News / Updates — 09 June 2011

Disasters such as Fukushima and Chernobyl call for more time meditating

What many people suspected since earthquakes and tsunami destroyed the Fukushima Daiichi nuclear power plant in March has finally been admitted – it appears there has indeed been total meltdown at all three nuclear reactors.

CNN reported that “The earthquake and tsunami knocked out cooling systems at Fukushima Daiichi, causing the three operating reactors to overheat. That compounded a natural disaster by spewing radioactive material into the atmosphere. Tokyo Electric avoided using the term ‘meltdown’, and says it was keeping the remnants of the core cool. But U.S. experts interviewed by CNN after the company’s announcement in May said that while it may have been containing the situation, the damage had already been done.”

Gary Was, a University of Michigan nuclear engineering professor and CNN consultant said, “On the basis of what they showed, if there’s not fuel left in the core, I don’t know what it is other than a complete meltdown.” And given the damage reported at the other units, “It’s hard to imagine the scenarios can differ that much for those reactors.”

The Japan Times reported on June 7th, “In April, Japan raised the severity level of the crisis to 7, the maximum on the International Nuclear Event Scale, putting it on par with the 1986 Chernobyl disaster.

At the time, NISA (Nuclear and Industrial Safety Agency) believed that 370,000 terabecquerels of radioactive material had been ejected from reactors 1, 2 and 3. That was revised Monday after NISA found that more material escaped from reactor 2 than thought.”

NISA now “doubled its estimate of the radioactive material ejected into the air in the early days of the Fukushima nuclear crisis to 770,000 terabecquerels.”

In a separate article on the same day it was reported “Plutonium that is believed to have come from the crippled Fukushima No. 1 power plant has been detected in the town of Okuma about 1.7 km away from the plant’s front gate.”

This is not going away soon or ever. I remember the Chernobyl disaster that happened in 1986 while Osho was staying in Punta Del Este in Uruguay during the world tour. The amount of radioactivity that escaped was played down as it is now. Presently scientists and notably Dr. Helen Caldicott are of the opinion that the Chernobyl meltdown devastated forty percent of the European land mass. The food grown there will be radioactive for hundreds of years.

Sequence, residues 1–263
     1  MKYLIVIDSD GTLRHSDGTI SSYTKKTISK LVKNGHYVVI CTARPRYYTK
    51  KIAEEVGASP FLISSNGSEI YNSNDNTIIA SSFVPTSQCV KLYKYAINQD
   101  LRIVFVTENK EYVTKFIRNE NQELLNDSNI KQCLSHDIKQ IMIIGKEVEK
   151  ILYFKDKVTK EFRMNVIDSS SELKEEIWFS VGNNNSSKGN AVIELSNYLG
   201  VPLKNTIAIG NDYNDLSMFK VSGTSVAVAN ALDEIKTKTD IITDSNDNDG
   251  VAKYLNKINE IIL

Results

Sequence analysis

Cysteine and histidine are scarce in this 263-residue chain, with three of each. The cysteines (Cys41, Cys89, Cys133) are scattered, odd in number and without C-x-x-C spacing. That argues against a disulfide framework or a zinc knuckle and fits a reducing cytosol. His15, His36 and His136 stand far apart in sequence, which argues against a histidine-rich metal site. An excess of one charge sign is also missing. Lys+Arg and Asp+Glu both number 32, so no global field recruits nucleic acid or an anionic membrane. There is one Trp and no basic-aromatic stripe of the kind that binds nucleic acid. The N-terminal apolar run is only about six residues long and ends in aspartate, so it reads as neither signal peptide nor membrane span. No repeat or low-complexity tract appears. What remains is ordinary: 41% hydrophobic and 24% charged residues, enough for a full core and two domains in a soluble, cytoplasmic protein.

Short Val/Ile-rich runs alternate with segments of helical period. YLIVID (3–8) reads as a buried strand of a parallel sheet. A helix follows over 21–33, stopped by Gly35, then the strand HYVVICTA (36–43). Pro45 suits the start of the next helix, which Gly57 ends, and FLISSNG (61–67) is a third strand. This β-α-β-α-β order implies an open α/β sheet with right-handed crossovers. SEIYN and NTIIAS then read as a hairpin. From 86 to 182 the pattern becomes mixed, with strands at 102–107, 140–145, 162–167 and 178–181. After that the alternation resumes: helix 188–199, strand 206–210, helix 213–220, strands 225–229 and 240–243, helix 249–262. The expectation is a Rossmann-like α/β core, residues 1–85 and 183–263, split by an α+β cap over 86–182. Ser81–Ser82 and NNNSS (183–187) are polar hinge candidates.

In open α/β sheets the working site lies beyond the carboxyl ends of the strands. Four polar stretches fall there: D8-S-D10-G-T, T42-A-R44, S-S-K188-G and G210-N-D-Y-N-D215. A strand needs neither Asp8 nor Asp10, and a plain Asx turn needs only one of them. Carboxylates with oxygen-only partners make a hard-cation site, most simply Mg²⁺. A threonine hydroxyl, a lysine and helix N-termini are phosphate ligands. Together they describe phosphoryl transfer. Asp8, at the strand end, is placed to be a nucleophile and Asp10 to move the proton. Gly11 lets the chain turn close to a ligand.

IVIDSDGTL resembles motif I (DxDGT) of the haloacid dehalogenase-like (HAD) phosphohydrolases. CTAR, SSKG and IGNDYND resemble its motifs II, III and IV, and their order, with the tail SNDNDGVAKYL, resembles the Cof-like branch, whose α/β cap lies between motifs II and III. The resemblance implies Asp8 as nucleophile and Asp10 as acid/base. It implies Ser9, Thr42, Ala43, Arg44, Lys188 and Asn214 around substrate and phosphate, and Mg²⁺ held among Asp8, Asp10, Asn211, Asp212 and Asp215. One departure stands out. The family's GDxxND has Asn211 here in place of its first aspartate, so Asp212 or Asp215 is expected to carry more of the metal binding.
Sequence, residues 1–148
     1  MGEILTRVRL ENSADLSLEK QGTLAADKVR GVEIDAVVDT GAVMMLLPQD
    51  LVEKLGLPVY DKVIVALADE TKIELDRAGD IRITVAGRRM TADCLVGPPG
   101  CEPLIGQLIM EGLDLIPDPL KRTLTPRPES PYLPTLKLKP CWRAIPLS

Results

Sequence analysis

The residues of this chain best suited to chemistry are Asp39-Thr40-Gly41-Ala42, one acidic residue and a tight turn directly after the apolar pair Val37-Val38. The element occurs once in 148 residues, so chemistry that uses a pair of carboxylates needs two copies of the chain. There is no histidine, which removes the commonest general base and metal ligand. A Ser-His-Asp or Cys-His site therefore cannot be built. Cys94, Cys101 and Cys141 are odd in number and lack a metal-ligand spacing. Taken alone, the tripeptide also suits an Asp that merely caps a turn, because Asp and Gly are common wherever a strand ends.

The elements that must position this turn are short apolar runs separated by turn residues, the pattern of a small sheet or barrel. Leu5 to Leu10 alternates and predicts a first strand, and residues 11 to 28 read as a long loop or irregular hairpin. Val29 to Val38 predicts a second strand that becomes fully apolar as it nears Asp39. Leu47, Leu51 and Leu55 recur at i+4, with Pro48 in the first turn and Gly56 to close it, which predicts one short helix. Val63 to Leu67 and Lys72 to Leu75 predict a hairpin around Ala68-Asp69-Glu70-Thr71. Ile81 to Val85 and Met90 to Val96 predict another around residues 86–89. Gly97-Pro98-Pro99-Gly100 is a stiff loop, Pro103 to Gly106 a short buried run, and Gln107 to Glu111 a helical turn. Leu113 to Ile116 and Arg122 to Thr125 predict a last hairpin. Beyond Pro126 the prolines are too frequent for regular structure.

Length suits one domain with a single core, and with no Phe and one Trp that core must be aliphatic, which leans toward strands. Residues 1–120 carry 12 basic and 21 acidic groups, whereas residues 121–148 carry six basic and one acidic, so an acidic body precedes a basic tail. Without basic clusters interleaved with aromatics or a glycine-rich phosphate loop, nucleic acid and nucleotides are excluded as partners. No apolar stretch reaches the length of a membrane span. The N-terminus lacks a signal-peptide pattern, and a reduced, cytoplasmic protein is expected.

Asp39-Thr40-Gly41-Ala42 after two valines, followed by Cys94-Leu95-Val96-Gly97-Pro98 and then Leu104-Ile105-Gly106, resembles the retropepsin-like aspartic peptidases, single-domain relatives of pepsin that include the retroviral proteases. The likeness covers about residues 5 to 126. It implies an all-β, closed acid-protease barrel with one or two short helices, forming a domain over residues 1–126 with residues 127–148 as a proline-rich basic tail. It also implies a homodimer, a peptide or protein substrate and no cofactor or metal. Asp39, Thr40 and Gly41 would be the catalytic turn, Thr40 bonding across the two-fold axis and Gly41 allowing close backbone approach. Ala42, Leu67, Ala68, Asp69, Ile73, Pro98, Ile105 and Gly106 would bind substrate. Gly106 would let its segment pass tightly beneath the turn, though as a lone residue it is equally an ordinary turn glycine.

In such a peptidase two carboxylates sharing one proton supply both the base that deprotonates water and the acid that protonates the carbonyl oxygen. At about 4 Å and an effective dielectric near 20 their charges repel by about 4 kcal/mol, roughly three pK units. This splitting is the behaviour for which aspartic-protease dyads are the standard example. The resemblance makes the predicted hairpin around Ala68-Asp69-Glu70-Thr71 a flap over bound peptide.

Osho encourages us to use such situations renewed for meditation:

“This disaster in Russia has simply created a situation in which those who have a little intelligence can start devoting more and more of their time to meditation, because tomorrow is really uncertain. It has always been uncertain, but now it is more uncertain than ever. This disaster may be just the beginning of a chain of disasters, because all these nuclear plants don’t have any intrinsic safety. If anything goes wrong – and now we know that one plant has gone wrong – then they don’t have any power, they are simply helpless. They cannot control the energy that they are creating.

The same disaster can happen in America, can happen in Germany. Just next to this plant which has burned down there are two other plants of the same age; they were made at the same time and had the same architect. They must have the same faults. There is every possibility that the second plant will blow up soon, and the third will not be far behind. And these disasters can trigger panic in thousands of people who are working in other plants; they can lose their so-called controlled behavior. They can start committing mistakes that they have never committed, just out of a feverish, frenzied state. And it is only a question of pushing a wrong button. But you can use this as a great moment.

We are all always in danger.

Osho, The Path of the Mystic, Ch 4 Q 1


Bhagawati for Osho News

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